Safeguarding adults from abuse is about making sure that adults who need extra care and support:
- keep their independence
- maintain their wellbeing
- make their own choices
- live a life that is free from fear, violence or harm.
What is abuse?
Abuse can be;
- Physical – hurting you, for example being hit, slapped, kicked, burnt, held down or pushed around.
- Sexual – somone touching or doing things to you which you don’t like. For example, making you touch or kiss someone when you do not want to. Or sexual exploitation, where you receive gifts or money for performing sexual acts which you did not consent to.
- Psychological – saying things to upset you, like someone calling you names, threatening you or hurting your feelings.
- Financial – somone taking your money or private things without asking. For example, someone might spend your money in a way that you do not want.
- Neglect – someone caring for you doesn’t take care of you properly. For example they may not help you to get food, keep warm and safe or take you to the doctors for help.
- Discriminatory – someone treats you badly because of your gender, sexuality, ability, age, religion or the colour of your skin.
- Organisational – an organisation doesn’t look after you properly, for example a care home, hospital, day centre or a home care provider.
- Domestic – This can be a combination of different types of abuse and is carried out by a family member or partner.
- Self neglect – if you are unable to look after yourself you may become unwell, or your wellbeing or safety is affected.
- Modern slavery – where someone forces you to work for no money. Modern slaves might be ‘owned’ or controlled by an ’employer’ or moved from different areas or abroad.
An abuser may be;
- a partner, relative, friend or child
- a paid carer or volunteer
- a health or social care worker, or other professional
- another adult with care and support needs
- a stranger
- more than one person
Abuse can take place anywhere, including in;
- your own home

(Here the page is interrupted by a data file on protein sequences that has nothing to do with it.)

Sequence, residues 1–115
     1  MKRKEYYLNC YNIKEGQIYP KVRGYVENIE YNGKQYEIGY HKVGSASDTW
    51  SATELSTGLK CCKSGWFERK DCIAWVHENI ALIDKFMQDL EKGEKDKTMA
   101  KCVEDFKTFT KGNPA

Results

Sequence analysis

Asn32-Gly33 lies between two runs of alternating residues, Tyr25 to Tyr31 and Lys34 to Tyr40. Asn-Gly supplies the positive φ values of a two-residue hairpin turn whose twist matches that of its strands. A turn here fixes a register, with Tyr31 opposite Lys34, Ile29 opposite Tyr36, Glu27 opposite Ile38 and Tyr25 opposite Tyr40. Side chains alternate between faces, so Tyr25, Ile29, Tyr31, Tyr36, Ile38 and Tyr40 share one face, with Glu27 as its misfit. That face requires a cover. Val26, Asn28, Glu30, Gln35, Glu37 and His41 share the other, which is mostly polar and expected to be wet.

- your family or friend’s homes
- a public place
- a care setting, such as in a care home or a hospital.
If you are told about or witness an incident of adult abuse; are the victim of adult abuse; or think abuse may be happening:
To report abuse please contact:
- Community Health and Social Care Direct
- All agencies in Newcastle work together to protect adults from abuse. If you want to tell somebody else that you trust eg a GP, nurse, police officer or care worker, then they will pass on your concerns.
Community Health & Social Care Direct are the main point of contact in Newcastle when someone has a concern about the abuse or neglect of an adult. They are available to take calls Monday – Friday, 8am-5pm.
Action on Elder Abuse provides information and support to those affected by abuse. They have a free confidential helpline.
EDAN provides support to women living in Newcastle who are at risk of Domestic Abuse. They provide practical and emotional support and run recovery programmes
Newcastle Integrated Domestic Abuse Service offer a domestic abuse service and can be contacted on 0191 2146501 (24 hours) and email email@example.com
Newcastle Talking Therapies help people with problems such as depression, anxiety, stress, anger, fears, bereavement and relationship difficulties.
Victims First provide help to victims of crime, witnesses, their family, friends and anyone else affected.
Safeguarding Adults Unit provide advice and support to organisations about policies, procedures and best practice. The Safeguarding Adults Unit run a professionals advice line about safeguarding adults which runs Monday-Friday, 9.30am-4.30pm tel 0191 278 8156.
What happens when abuse is reported?
All concerns are taken seriously. In response to the alert trained staff will carry out a careful and sensitive enquiry. They willl work with the adult at risk and relevant organisations to provide information and advice. This will help us work with you to make an informed choice about how best to care for the adult at risk. There may be a need for forth investigation in order to protect the adult, or others, from abuse.
Other Useful Information
Respond is a telephone helpline for people with a learning disability, or their friends and family, who have experienced or been affected by organisational abuse. The helpline offers emotional support and practical advice. Regular counselling sessions are also available.
Last updated: March 15, 2018